A heartbreaking home loss to the Titans followed in week 12. Ryan Fitzpatrick led the Titans on a 14-play, 80-yard touchdown drive which ate up 6:00 of the final 6:10 of the game, both starting and ending the pain with a 10 yard toss to Kendall Wright that seemed just too easy.
If you would tell me today that random household appliances and wet rags had replaced the Raiders' secondary for the final, gut-puking drive, I would believe it. And remember this--if the Raiders would have won that game, they would have improved to 5-6 and at that point would have been the sixth seed in the AFC.
After blowing a halftime lead and losing to Dallas on Thanksgiving, the season just seemed to sort of...end.
I actively have to force myself to remember Geno Smith and the Jets offense going for almost 40 on a hapless Raider D...followed by Alex Smith (!) and the Chiefs going for 56. Add in a Chargers game that never felt close and a Broncos game which actively triggers my gag reflex, and there you go.
But, here's the catch.
It was supposed to happen like this. This was part of the plan.
The sins of Raiders Past begin their journey toward absolution in 2014, with the Raiders actually getting to draft in the fifth spot and almost $70 million in cap room opening up. Stepping back for a breath...if McKenzie is worth his salt, 2014 is the year where we will see his plan in its first real form.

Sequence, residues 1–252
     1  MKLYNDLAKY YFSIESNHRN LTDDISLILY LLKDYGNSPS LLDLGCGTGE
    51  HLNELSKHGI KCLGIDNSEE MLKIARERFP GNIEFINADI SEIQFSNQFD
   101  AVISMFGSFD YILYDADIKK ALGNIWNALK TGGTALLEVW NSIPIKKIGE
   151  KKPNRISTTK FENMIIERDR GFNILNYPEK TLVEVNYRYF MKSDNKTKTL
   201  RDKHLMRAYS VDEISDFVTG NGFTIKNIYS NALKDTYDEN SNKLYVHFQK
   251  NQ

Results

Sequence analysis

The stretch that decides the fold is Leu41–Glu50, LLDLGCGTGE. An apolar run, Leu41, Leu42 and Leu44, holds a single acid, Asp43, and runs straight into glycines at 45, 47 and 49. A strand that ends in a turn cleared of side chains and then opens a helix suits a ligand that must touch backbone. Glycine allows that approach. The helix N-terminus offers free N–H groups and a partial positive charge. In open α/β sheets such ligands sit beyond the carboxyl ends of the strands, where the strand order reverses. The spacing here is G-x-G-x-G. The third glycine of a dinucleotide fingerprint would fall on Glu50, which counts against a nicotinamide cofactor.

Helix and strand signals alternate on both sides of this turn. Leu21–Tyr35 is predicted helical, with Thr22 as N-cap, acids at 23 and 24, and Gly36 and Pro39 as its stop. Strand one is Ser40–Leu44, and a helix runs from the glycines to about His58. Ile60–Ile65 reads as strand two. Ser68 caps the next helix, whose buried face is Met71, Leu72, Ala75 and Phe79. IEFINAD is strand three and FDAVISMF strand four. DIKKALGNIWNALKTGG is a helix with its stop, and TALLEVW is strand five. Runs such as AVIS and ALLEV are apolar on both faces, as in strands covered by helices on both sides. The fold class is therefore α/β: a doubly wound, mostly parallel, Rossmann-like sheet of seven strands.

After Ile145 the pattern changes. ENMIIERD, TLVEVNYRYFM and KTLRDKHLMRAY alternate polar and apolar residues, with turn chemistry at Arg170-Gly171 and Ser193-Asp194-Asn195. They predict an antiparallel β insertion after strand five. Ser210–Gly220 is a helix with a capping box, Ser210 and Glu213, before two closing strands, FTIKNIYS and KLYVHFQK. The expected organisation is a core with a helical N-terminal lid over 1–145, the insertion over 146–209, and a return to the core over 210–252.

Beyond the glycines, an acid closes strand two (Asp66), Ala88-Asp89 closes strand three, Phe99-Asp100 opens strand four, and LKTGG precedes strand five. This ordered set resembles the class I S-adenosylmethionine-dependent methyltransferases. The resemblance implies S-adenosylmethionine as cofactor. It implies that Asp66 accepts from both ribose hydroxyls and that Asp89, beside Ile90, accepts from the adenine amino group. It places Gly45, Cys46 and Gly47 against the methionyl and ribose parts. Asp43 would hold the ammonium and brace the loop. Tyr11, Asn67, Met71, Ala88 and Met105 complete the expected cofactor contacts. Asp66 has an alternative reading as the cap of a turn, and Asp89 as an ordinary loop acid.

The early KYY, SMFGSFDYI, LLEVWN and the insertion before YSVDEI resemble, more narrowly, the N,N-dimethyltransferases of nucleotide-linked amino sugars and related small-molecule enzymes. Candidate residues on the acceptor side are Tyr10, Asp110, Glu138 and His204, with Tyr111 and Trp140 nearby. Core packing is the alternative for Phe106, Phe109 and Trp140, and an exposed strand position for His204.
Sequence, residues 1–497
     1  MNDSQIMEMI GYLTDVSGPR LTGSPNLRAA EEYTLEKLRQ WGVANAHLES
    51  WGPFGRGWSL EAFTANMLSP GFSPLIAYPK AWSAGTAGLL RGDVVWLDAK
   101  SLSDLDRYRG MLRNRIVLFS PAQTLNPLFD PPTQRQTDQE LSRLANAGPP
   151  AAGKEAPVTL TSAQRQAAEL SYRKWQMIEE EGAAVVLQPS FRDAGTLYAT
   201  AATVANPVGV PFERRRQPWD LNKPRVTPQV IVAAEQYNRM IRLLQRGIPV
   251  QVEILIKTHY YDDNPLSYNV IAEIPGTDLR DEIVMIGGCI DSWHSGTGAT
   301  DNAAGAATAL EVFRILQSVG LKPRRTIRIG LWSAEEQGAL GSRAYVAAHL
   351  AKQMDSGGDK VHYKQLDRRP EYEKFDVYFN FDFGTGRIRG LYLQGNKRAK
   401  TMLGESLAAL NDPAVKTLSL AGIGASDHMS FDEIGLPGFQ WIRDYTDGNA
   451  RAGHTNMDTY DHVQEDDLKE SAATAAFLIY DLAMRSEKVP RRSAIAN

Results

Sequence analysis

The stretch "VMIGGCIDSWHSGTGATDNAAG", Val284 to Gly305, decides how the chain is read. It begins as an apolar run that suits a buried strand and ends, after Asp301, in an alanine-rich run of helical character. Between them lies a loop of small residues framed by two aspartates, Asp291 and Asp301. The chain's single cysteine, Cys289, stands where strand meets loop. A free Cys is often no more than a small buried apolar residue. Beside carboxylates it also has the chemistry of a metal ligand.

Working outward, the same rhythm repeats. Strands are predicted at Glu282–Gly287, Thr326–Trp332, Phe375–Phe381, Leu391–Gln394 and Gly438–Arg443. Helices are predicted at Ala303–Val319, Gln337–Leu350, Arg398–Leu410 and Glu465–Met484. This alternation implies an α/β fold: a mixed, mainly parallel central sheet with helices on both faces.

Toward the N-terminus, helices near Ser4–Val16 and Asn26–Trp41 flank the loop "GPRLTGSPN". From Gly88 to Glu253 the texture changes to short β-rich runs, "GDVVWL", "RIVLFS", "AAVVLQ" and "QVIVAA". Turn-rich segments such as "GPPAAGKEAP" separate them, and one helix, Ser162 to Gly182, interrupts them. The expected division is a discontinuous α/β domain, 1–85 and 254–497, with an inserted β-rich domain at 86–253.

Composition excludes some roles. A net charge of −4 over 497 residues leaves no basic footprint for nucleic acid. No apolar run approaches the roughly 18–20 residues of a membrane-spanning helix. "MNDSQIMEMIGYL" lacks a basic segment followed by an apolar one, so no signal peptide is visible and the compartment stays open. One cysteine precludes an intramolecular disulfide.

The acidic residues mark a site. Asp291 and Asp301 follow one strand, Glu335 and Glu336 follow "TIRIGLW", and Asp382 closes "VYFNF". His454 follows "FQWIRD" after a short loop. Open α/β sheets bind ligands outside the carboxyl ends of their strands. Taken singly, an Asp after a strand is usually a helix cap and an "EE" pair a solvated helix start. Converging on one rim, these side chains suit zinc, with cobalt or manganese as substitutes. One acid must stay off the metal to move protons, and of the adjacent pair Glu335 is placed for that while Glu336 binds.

This is what makes the news that Dennis Allen's job is probably safe a little easier to understand and digest.
I will be the first to admit that I became a reactionary at the end of this season. I wanted so badly for the flashes of Pryor's athleticism, McGloin's arm, and the early Sandlot-esque edge of the defense to mean more than it actually did.
Simply put, the Raiders slid into irrelevance over the final months of the season. They flailed, playing defense like somebody peed on an electric football game board. The hope that the first seven games provided made the fanbase think that a decade-plus of frustration was coming to an end. The answer to our wishes seemed to be here.
Instead, we got a boatload of new questions.
If Allen is retained, year three becomes Year Three. McKenzie and Allen need to take what's left of a very limited squad, then utilize the draft and intelligent free agency maneuvers to make a contender appear out of close-to-thin-air.
In truth, 2014 simply becomes the Year in Oakland.
If Allen and McKenzie can put together a coherent, strong, and unified front and bring in players with both talent and character, the Raiders could see instant, if not playoff-level improvement. The 2014 free agent class is brimming with both bargains and heavy risks at both skill and non-skill positions.
All it really comes down to, however, is that Allen and McKenzie have one offseason left to get the answer to this question down pat--"Why should I come to Oakland?"
After a slow, agonizing crawl to a finish in 2013, they have to think fast.